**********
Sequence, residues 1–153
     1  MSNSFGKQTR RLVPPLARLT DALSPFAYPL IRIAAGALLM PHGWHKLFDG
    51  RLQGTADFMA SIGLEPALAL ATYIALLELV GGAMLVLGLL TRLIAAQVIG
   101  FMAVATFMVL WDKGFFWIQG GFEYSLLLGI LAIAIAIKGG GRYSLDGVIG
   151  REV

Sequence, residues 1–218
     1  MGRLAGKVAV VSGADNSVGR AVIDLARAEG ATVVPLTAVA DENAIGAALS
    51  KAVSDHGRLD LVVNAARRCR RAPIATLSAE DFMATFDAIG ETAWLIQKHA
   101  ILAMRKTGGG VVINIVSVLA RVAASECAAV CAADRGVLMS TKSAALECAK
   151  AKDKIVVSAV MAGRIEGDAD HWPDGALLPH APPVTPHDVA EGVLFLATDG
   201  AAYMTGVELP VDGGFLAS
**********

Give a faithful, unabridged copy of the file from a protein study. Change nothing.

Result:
Sequence, residues 1–153
     1  MSNSFGKQTR RLVPPLARLT DALSPFAYPL IRIAAGALLM PHGWHKLFDG
    51  RLQGTADFMA SIGLEPALAL ATYIALLELV GGAMLVLGLL TRLIAAQVIG
   101  FMAVATFMVL WDKGFFWIQG GFEYSLLLGI LAIAIAIKGG GRYSLDGVIG
   151  REV

Sequence, residues 1–218
     1  MGRLAGKVAV VSGADNSVGR AVIDLARAEG ATVVPLTAVA DENAIGAALS
    51  KAVSDHGRLD LVVNAARRCR RAPIATLSAE DFMATFDAIG ETAWLIQKHA
   101  ILAMRKTGGG VVINIVSVLA RVAASECAAV CAADRGVLMS TKSAALECAK
   151  AKDKIVVSAV MAGRIEGDAD HWPDGALLPH APPVTPHDVA EGVLFLATDG
   201  AAYMTGVELP VDGGFLAS